#88 Samaritan Neighbor
"I have a dream that one day this nation will rise up and live out the true meaning of its creed: 'We hold these truths to be self-evident, that all men are created equal.' ... I have a dream that my four little children will one day live in a nation where they will not be judged by the color of their skin but by the content of their character." - Rev. Martin Luther King Jr., at the civil rights March on Washington, August 28, 1963.
Text: Luke 10:25-37; Acts 10:28,34-35
Prop: pictures of people from different races clipped from magazines or other sources
Summary: The story of the Good Samaritan teaches us to treat all people as our neighbors.
Look at these pictures I brought with me today. Each little girl is from a different race. They are Asian, African, and Indian (not Native American). Today's lesson teaches us to treat all people as our neighbors. Have you heard someone say "He is a Good Samaritan," and they meant he really cared about other people? That saying comes from a story Jesus told one day.
A teacher of God's laws asked Jesus a tricky question: what must I do to inherit eternal life? Jesus answered him by asking what he thought the Bible taught. The teacher said we should love God and love our neighbor. (see Deut. 6:5 and Lev. 18:18) Jesus said he was right. But the teacher, who wanted to prove he was a good person, asked him who is my neighbor?
[Read Luke 10:30-37] The priests and Levites were the religious leaders. They led the people in worship and taught God's laws to the people. What a bad example the religious leaders gave in this story because they thought they were too good to get involved with the man who was beaten and robbed. They were so strict about obeying the law that they forgot that the very heart of the law was to have mercy. They thought it would make them "unclean" to touch the wounds so they kept their distance and ignored this poor man in need.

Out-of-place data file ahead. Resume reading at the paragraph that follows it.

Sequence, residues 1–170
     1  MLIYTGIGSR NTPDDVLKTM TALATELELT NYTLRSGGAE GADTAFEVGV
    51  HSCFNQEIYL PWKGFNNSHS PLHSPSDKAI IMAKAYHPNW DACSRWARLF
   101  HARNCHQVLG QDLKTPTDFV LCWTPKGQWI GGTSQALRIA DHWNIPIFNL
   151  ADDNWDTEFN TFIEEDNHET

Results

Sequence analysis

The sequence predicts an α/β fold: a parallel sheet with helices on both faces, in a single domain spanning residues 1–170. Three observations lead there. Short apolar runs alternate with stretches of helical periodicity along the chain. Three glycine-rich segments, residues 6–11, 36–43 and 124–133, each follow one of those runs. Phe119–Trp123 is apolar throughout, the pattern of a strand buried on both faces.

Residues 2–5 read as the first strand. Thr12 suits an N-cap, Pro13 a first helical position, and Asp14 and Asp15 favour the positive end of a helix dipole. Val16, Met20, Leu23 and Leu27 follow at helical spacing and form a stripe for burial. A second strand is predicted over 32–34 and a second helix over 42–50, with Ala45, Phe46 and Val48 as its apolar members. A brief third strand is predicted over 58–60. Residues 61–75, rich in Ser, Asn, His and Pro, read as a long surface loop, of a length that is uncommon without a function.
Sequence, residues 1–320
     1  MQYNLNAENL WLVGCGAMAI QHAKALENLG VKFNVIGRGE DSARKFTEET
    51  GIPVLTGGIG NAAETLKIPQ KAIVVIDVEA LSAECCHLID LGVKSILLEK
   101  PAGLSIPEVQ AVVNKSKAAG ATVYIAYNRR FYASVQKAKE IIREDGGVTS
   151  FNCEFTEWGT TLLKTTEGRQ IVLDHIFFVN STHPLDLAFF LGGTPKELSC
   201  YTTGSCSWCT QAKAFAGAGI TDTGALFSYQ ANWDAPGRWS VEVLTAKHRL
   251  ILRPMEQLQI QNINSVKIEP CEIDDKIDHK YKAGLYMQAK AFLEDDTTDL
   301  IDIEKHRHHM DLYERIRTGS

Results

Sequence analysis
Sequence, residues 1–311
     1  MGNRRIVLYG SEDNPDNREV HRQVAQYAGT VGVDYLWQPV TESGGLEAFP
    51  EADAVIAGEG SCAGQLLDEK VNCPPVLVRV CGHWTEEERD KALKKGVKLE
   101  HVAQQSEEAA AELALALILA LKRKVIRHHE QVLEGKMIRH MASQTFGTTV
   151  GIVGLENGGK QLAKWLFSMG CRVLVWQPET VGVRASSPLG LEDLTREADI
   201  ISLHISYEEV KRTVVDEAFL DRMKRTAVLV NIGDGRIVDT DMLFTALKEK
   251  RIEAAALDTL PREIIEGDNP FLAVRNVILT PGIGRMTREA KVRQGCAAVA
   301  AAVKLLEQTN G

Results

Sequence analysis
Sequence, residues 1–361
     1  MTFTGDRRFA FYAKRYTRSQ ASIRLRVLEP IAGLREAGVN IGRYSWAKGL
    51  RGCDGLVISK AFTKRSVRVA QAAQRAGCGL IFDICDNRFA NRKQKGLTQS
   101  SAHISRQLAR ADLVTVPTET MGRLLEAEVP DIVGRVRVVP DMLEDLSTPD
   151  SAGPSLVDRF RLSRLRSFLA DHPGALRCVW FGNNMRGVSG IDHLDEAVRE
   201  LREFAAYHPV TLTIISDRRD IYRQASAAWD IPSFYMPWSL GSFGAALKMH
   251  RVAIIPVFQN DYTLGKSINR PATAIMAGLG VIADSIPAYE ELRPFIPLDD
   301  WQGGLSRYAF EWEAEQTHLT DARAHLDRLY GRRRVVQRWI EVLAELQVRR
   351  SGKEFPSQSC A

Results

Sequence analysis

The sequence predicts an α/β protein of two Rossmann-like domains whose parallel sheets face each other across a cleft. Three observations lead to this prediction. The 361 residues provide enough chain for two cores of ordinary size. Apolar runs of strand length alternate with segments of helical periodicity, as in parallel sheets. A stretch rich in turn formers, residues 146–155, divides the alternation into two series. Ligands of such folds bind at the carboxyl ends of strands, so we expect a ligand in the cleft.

Jesus must have surprised those listening to this story when he told them the Samaritan was the hero. The Israelites hated the Samaritans. The Samaritans were a different race of people (of Israelites married to Canaanites). The Israelites looked down on the Samaritans. They despised them and wouldn't even speak to them on the street. (Acts 10:28) If we learn to hate people because they look different from us, then we think we are better than others because of our race. This is called racism. Jesus taught that this is wrong. It must have made the teachers mad to hear Jesus make a person that they hated the "good guy" in this story.
The Samaritan didn't think he was better than others. He didn't think he was too good to help. He showed mercy to the beaten stranger and treated him like a neighbor. This is how Jesus turns the ways of the world upside-down. He teaches us to love our enemies, to love all people, and not just to love those that look and act and think as we do.
A few years later the disciple Peter finally understood what Jesus was trying to teach. [Read Acts 10:34-35] When Peter said God is no respecter of persons that meant God does not treat one person better than another. Our race does not matter to God. We should be willing not only to help people in need, but also learn to love all people as God does.
©2000 by Jim Kerlin. All rights reserved.
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